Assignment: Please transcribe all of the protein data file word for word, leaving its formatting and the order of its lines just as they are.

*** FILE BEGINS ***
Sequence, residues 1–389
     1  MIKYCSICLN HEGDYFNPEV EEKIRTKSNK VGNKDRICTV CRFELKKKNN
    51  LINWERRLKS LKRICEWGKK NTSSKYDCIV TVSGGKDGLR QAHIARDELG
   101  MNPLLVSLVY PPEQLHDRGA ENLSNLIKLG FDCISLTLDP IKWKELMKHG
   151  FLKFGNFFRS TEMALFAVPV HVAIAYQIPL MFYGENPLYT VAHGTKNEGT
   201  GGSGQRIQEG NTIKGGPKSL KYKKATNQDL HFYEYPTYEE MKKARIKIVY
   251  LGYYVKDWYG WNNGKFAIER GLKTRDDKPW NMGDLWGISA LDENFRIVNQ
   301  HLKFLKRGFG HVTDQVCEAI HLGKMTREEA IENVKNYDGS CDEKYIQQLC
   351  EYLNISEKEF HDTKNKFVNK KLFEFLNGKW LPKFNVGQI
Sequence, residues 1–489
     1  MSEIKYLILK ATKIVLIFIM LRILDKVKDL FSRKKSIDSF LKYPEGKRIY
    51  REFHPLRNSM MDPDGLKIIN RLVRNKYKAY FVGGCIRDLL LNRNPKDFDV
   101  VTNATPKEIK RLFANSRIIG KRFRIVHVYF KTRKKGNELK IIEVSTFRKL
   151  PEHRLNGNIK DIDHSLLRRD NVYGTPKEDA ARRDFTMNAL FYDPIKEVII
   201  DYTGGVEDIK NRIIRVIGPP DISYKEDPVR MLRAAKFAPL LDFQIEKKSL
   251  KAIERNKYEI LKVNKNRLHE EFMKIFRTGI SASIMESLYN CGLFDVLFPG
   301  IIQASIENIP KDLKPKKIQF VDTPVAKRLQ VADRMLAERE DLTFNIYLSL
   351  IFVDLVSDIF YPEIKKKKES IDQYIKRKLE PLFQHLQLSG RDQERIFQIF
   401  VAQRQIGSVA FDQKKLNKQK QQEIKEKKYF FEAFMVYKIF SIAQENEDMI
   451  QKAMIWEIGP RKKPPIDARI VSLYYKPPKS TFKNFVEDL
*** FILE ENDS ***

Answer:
Sequence, residues 1–389
     1  MIKYCSICLN HEGDYFNPEV EEKIRTKSNK VGNKDRICTV CRFELKKKNN
    51  LINWERRLKS LKRICEWGKK NTSSKYDCIV TVSGGKDGLR QAHIARDELG
   101  MNPLLVSLVY PPEQLHDRGA ENLSNLIKLG FDCISLTLDP IKWKELMKHG
   151  FLKFGNFFRS TEMALFAVPV HVAIAYQIPL MFYGENPLYT VAHGTKNEGT
   201  GGSGQRIQEG NTIKGGPKSL KYKKATNQDL HFYEYPTYEE MKKARIKIVY
   251  LGYYVKDWYG WNNGKFAIER GLKTRDDKPW NMGDLWGISA LDENFRIVNQ
   301  HLKFLKRGFG HVTDQVCEAI HLGKMTREEA IENVKNYDGS CDEKYIQQLC
   351  EYLNISEKEF HDTKNKFVNK KLFEFLNGKW LPKFNVGQI
Sequence, residues 1–489
     1  MSEIKYLILK ATKIVLIFIM LRILDKVKDL FSRKKSIDSF LKYPEGKRIY
    51  REFHPLRNSM MDPDGLKIIN RLVRNKYKAY FVGGCIRDLL LNRNPKDFDV
   101  VTNATPKEIK RLFANSRIIG KRFRIVHVYF KTRKKGNELK IIEVSTFRKL
   151  PEHRLNGNIK DIDHSLLRRD NVYGTPKEDA ARRDFTMNAL FYDPIKEVII
   201  DYTGGVEDIK NRIIRVIGPP DISYKEDPVR MLRAAKFAPL LDFQIEKKSL
   251  KAIERNKYEI LKVNKNRLHE EFMKIFRTGI SASIMESLYN CGLFDVLFPG
   301  IIQASIENIP KDLKPKKIQF VDTPVAKRLQ VADRMLAERE DLTFNIYLSL
   351  IFVDLVSDIF YPEIKKKKES IDQYIKRKLE PLFQHLQLSG RDQERIFQIF
   401  VAQRQIGSVA FDQKKLNKQK QQEIKEKKYF FEAFMVYKIF SIAQENEDMI
   451  QKAMIWEIGP RKKPPIDARI VSLYYKPPKS TFKNFVEDL